Okay, yeah, this is weird. 2 months? It's a little old to be requesting help with food. And that kid is old enough to get the first round of the whooping cough vaccine. No offense to your friends, but it seems like the kid is in stellar hands.
     
  18. swansong1

    swansong1 Virtuoso

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    So, this isn't a brand new family. I would nicely decline the offer. You don't have to explain why, just offer your regrets and tell them you might be available for a visit later. I wonder how many people they are tasking with bringing them groceries?
     
  19. The Fonz

    The Fonz Math teacher (for now...)

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    I would be offended (because of the demanding food, not because they asked you for the tDap)

    Just email back and say, sorry we are not up to date and won't be going to our doctors for a few months.
     
  20. czacza

    czacza Multitudinous

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    :thumb: this.

    bringing food is typical; making it a condition to visit, not so much.

    I've just recently started seeing whooping cough PSAs on television. There was an outbreak earlier this year.:(


    The parents in question ARE taking responsibility...they are looking to protect their baby from a dangerous illness by ensuring any visitors have current immunizations against a disease which seems to be enough of a concern to warrant a public service announcement campaign. This serious respiratory disease can be deadly for babies. Staying at home and 'cocooning' is not enough protection though. Many infants who contact pertussis get it from their own family. However, by getting the whooping cough vaccine, called Tdap, during the third trimester of each pregnancy, women can pass antibodies to their babies to help protect them until they‘re old enough to receive their own vaccine.:thumb:
     
  21. WarriorPrncss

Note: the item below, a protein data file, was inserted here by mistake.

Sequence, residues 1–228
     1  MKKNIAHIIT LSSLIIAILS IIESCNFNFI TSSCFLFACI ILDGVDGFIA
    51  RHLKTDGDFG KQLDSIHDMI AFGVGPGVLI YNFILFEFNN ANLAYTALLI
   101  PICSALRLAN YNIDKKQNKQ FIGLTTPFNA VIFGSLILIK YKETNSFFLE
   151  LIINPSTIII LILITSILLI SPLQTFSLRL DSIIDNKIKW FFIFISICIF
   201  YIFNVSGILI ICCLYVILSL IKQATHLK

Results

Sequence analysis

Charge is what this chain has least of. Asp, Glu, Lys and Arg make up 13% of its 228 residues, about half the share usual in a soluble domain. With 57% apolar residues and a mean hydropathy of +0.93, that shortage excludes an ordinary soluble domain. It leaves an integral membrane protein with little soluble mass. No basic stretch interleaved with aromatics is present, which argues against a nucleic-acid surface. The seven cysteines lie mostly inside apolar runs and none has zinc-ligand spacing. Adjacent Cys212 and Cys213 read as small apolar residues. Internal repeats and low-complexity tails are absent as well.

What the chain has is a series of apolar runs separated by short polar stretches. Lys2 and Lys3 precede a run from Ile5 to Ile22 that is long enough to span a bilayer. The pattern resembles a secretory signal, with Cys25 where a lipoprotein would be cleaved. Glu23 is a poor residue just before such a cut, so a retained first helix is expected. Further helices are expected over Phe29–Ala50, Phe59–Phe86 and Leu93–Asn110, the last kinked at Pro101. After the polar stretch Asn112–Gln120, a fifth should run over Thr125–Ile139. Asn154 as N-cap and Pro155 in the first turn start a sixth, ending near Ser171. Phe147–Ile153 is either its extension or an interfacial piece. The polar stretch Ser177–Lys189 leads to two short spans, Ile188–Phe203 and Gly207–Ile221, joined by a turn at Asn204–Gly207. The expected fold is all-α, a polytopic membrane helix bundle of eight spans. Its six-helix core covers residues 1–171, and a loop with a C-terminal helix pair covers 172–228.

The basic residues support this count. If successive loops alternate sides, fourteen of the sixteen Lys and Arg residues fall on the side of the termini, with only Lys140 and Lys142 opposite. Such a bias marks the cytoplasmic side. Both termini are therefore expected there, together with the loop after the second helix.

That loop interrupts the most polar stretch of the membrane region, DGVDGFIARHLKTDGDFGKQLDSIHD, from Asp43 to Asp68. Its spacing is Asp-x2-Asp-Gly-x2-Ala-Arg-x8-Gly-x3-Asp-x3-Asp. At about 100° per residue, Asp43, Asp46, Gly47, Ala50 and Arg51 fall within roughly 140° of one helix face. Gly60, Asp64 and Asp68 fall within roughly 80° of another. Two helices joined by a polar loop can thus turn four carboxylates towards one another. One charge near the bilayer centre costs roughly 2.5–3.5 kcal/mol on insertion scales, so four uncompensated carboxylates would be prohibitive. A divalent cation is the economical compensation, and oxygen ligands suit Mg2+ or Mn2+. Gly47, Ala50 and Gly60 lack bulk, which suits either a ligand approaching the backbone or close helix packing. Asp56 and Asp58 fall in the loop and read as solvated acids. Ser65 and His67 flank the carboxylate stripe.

WarriorPrncss Companion

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    I agree with others, the food request is odd, a little inappropriate.

    The vaccination thing... babies are high risk for sickness and infection. I'm with them on this one. You have to be proactive to protect them until they can get vaccinations to protect themselves.
     
  22. Caesar753

    Caesar753 Multitudinous

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    Don't visit if the food request bugs you (and it would bug me, too). But just because the kid may have had a less than perfect experience so far with exposure to harmful agents doesn't mean that the parents should just have a free-for-all when it comes to germs. Do you know anything about whooping cough? It's very serious. Parents who don't do everything to protect their kids against it are downright negligent, in my opinion. Although you can probably side-eye many of their other parenting choices, I don't think it's fair to side-eye that one.
     
  23. TeacherNY

    TeacherNY Phenom

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    So, how old does the baby have to be before it gets the vaccination? Why don't the parents just wait until then to have people over?
     
  24. a2z

    a2z Maven

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    I find this comment odd.

    I could imagine the conversation we would be having if the OP called and asked to visit and the parents said they are not allowing any visitors until the baby has had all of his immunizations.

    Checking to see if the those visiting have proper immunizations is more sensible than eliminating all visitors for months on end.
     
  25. TeacherNY

    TeacherNY Phenom

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    No, they only seemed concerned with ONE vaccination. So people have to make extra trips to the doctor to visit with a friend's kid? THAT's ODD. As I said earlier, unless the visitor WANTED to get the vaccine anyway.
     
  26. Caesar753

    Caesar753 Multitudinous

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    No. The OP seemed only concerned about that one vaccination. The couple in question seemed concerned about all vaccinations.

    For the record, having that vaccination will benefit ALL kids (and adults, including people who can't be vaccinated), not just this particular kid.

    Are you anti-vax?
     
  27. 4815162342

    4815162342 Companion

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    When do babies get the pertussis vaccine?

    Babies receive the pertussis vaccine as part of the*DTaP series*(which also protects them against diphtheria and tetanus). The DTaP vaccine is given at 2 months, 4 months, 6 months, and 15 to 18 months, and again at 4 to 6 years of age. Your child's protection against the disease increases with each shot she receives.

    So babies under 2 months (and older infants who haven't been vaccinated) can catch whooping cough from the adults and children they come in contact with. And even babies who are getting their shots on time are vulnerable, particularly until they're about 6 months old and have gotten a few doses of the vaccine.